Jon Madof / Rashanim

Album cover: stuccoed wall with a Jewish amulet, stage right. I'm bored. Jon Madof

Tzadik TZ7178, 2003

61 E. Eighth St., pmb 126
New York, NY 1003

I really enjoy listening to the guitar work of Jon Madof, especially as exemplified on this new Tzadik release, featuring his jazz trio, "Rashanim." Like many Tzadik releases, I find the music less relevant in terms of some broad genre of "Jewish" music, than exciting, interesting new music that includes Jewish influences. Madof compares some of what he plays with hasidic-inspired guitarist Yossi Piamenta, originally from Israel. In the sense that there are some Jewish melodies here, and in the way that Madof sometimes turns on the fuzz pedal and screams, there is some similarity. But, I think that we shortchange ourselves in trying to fit this sort of music into a Jewish mold. Rather, as I said, the opposite is true. A Jewish musician who has absorbed the panoply of American musics is going to reflect that amalgam in creating a person sound. Without the intentional reflection back on the Jewish community, or anchoring to specific Jewish musical traditions, I would not argue that this is not Jewish music, or Jewishly relevant music. But I rejoice in hearing music that I enjoy, which this very much is. And I like the subversive, and paradoxically validating effect of hearing Jewish melody and rhythm mixed in with those of other cultures.

This ia all a long-winded way of saying that I don't understand some of the press material relating to this band referring to the music as "klezmer", despite opening with a delightfully-fuzzed guitar ripping apart "Der Khusid Geyt Tantsn". I think that this melding of styles is better illustrated by Madof's take on "V'Shamru," bluesy riffs merging with a folky take on Jewish prayer. Another side of Madof's guitar work lies in the intricate picking of two traditional melodies, "Dovid Melech Yisrael/Lecha Dodi", or his own "Brooklyn Dance," in a manner more reminiscent of, if also more improvised than, the work of Tim Sparks. "Brooklyn Dance," of course, quickly moves into more generalized territory. Similarly, consider the Sephardic melodies of "Fel Shara/Üsk¨dar". But to focus on this that might also be to ignore the intricacies of tunes such as Chroma, which seems more "downtown jazz" that culturally specific, or the impressionistic picking of "Passing," which was my original point. And then, on Madof tunes such as "Chanshe's nign," despite the implication in the name that this is Jewish, the music reflects, again, much more than specifically Jewish melody. The album closes with a delicate accoustic piece, "Kamancha" by Sayat Nova.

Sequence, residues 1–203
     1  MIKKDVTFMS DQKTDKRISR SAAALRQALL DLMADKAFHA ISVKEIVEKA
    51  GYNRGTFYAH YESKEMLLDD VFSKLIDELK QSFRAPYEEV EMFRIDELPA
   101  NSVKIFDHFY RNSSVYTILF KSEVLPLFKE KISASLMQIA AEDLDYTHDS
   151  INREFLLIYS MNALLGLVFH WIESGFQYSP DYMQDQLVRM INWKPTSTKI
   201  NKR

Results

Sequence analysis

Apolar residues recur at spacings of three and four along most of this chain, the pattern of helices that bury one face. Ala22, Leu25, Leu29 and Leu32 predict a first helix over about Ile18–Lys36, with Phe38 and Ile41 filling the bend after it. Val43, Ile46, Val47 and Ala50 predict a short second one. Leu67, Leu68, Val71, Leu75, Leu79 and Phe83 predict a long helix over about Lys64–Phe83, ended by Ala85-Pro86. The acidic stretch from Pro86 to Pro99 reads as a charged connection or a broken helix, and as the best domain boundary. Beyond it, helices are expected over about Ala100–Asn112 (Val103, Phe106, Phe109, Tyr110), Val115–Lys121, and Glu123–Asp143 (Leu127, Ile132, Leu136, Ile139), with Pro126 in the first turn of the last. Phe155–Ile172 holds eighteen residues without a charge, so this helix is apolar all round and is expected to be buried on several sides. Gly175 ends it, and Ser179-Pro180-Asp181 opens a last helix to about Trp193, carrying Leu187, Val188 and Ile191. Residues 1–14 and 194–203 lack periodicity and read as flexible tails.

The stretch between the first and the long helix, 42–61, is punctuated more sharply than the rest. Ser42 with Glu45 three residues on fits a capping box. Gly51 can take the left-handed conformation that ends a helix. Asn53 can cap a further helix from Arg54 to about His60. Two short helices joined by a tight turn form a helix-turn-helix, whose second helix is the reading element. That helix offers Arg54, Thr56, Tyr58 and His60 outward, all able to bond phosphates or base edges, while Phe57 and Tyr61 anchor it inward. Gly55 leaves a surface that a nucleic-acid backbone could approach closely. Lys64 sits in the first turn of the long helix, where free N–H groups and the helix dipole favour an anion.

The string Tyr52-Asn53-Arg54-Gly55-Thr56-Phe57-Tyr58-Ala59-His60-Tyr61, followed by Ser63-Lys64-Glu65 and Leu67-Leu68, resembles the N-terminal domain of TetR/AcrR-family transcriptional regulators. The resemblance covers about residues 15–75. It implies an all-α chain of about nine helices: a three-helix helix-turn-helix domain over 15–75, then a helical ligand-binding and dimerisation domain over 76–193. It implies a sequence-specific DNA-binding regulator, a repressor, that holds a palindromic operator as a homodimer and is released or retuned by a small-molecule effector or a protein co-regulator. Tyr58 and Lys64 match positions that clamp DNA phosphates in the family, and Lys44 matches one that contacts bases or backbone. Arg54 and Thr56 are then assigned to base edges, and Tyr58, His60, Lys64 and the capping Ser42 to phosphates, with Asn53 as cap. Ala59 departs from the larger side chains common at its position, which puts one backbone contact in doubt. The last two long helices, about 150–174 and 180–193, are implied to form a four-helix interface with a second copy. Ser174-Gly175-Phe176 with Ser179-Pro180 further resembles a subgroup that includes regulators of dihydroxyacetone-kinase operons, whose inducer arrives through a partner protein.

In the end, I very much like the quote which Madof placed on the CD notes, under the band listings. It has long been one of my favorite Hasidic quotes, by Rabbi Zusya: "In the coming world, they will not ask me: 'Why were you not like Moses?' They will ask me: 'Why were you not Zusya?'" I think it puts the boxes into which I, and other reviewers, have tried to fit this album, into perspective. The box isn't relevant. Making honest, interesting, new music is very relevant. And on those terms, this album is delightful.

Reviewed by Ari Davidow, 5/24/03

Personnel this recording:
Jon Madof: guitar
Shanir Ezra Blumenkranz: bass
Mathias Künzli: drums, percussion


  1. Der khusid geyt tantsn--the Hasid goes dancing (trad., arr. Jon Madof) 8:06
  2. Chroma
  3. (Madof) 5:17
  4. Meshek (Madof) 6:54
  5. Dovid Melech Yisrael/Lecha Dodi (Carlebach) 5:22
  6. Chanshe's Nign (Jon Madof) 5:05
  7. Fel Shara/Üsküdar (trad. Sephardic) 4:38
  8. Dybbuk (Jon Madof) 4:49
  9. Brooklyn Dance (Jon Madof) 3:27
  10. Passing (Jon Madof) 3:52
  11. V'Shamru (Rabbi Moshe Rothblum) 6:21
  12. Kamancha (Sayat Nova) 2:21

to top of page To top of page

the KlezmerShack Ari's home page
to About the Jewish-music mailing list
to The Klezmer Shack main page
to Ari Davidow's home page